Metformin should be given as an enteric solution half an hour before meals. When the postprandial blood glucose reaches a peak, the drug concentration is correspondingly higher, and the effect is stronger, and the postprandial blood glucose peak period is well covered, so that an effective hypoglycemic effect can be achieved.

3. Metformin sustained-release tablets (or capsules)

Sustained release tablets (or capsules) are gel-encapsulated drugs that are taken once daily to achieve slow release and smooth hypoglycemic effects. Due to the use of sustained-release technology, the amount of drug dissolved in the stomach is greatly reduced, thereby avoiding adverse reactions of the upper gastrointestinal tract.

It is best to take sustained-release formulations at mealtimes so that foods can slow their absorption slightly and increase their sustained-release effectiveness.

Individual patients have poor blood glucose control and can also take two meals at breakfast and dinner.

Special Note: If the sustained release tablet is opened or crushed, it will destroy the gel that contains the drug, and the sustained release tablet will become a normal tablet without sustained release. Therefore, once daily dose, it is impossible to control the whole-day blood sugar. . Therefore, one should swallow it whole, and do not open or chew.

III. Correct combination, 1+1>2

[Case sharing]

Female patient, 40 years old, treated with insulin for more than 20 years of type 1 diabetes, weight 50 kg, BMI: 24.6 kg/m2, total daily insulin 82 U, high blood sugar in empty and postprandial blood glucose, given metformin After oral administration of 500 mg/day, the amount of insulin dropped to 60 U/day, and blood glucose control improved.

[Case Interpretation]

Only choose the correct combination method to get 1+1>2.

1, metformin and α-glycosidase inhibitors: can take into account fasting blood glucose and postprandial blood glucose. Both drugs have a certain gastrointestinal adverse reaction, and combined use may increase gastrointestinal discomfort.

2, metformin and sulfonylurea hypoglycemic agents: metformin can improve insulin resistance, reduce glycogen output; sulfonylurea drugs can promote insulin secretion, the two types of drugs combined, the complementary mechanism of action, with a more comprehensive focus on T2DM pathophysiological defects Features.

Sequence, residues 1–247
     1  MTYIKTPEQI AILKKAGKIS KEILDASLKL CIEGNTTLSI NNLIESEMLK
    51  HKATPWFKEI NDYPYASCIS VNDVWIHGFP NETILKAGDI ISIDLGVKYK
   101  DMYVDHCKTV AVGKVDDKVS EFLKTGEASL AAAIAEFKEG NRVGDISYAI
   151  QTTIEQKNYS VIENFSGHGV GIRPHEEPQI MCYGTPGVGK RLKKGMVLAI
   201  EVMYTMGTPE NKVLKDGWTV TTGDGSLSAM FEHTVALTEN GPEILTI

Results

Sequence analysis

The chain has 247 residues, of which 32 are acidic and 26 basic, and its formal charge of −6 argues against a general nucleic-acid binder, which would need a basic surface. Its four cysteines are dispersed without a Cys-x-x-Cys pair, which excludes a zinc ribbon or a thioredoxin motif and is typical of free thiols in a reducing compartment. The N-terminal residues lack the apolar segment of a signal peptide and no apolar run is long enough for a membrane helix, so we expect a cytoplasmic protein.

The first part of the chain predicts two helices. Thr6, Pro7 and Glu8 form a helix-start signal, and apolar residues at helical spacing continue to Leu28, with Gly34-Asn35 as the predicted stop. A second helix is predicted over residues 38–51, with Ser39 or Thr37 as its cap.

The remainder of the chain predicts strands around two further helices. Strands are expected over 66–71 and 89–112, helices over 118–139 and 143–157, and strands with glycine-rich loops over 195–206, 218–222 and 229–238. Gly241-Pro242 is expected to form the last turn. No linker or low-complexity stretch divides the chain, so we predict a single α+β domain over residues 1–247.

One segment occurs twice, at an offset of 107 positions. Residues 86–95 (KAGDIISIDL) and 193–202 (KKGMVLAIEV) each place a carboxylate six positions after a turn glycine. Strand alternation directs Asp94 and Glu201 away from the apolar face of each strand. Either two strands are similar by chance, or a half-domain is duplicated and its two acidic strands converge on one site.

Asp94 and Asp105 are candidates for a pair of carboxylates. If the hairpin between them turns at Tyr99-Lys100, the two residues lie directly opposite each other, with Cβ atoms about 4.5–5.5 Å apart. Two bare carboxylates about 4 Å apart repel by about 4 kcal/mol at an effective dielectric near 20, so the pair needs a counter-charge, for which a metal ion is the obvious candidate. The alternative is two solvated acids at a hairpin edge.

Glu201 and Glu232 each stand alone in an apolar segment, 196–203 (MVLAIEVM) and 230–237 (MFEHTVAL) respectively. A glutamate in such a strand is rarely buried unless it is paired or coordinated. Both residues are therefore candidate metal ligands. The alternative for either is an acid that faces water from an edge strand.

3. Combination of metformin and thiazolidinediones: Metformin combined with thiazolidinediones can better reduce HbA1c, significantly improve islet function and insulin resistance, but adverse reactions such as weight gain, increase LDL-C ) Higher than metformin alone.

Glinides are insulin secretagogues at meal time and have a synergistic effect with metformin. In the case of metformin combined with sulfonylureas and a high risk of hypoglycemia, metformin and glinide may be considered.

4, metformin and insulin combination: Metformin can enhance liver and muscle tissue insulin resistance, oral hypoglycemic agents in the treatment of T2DM patients with poor blood glucose control start insulin therapy should be retained metformin.

Long-term use of insulin, resulting in weight gain is inevitable. Metformin can not only reduce the amount of insulin, but also can further reduce blood lipids, this lipid-lowering effect does not matter in blood sugar.

In the case, the patient was slightly overweight, insulin dosage was about 1.6 U/kg, and the dosage was larger, suggesting the existence of insulin resistance. This was evidenced by the gradual control of blood glucose after administration of metformin.

Patients with type 1 diabetes undergoing insulin therapy may be treated with metformin. The precondition is that there is no contraindication. Special attention should be paid to diabetic ketoacidosis or hyperosmolarity of diabetes, which is prevalent in patients with type 1 diabetes.

Leave a Reply

Your email address will not be published. Required fields are marked *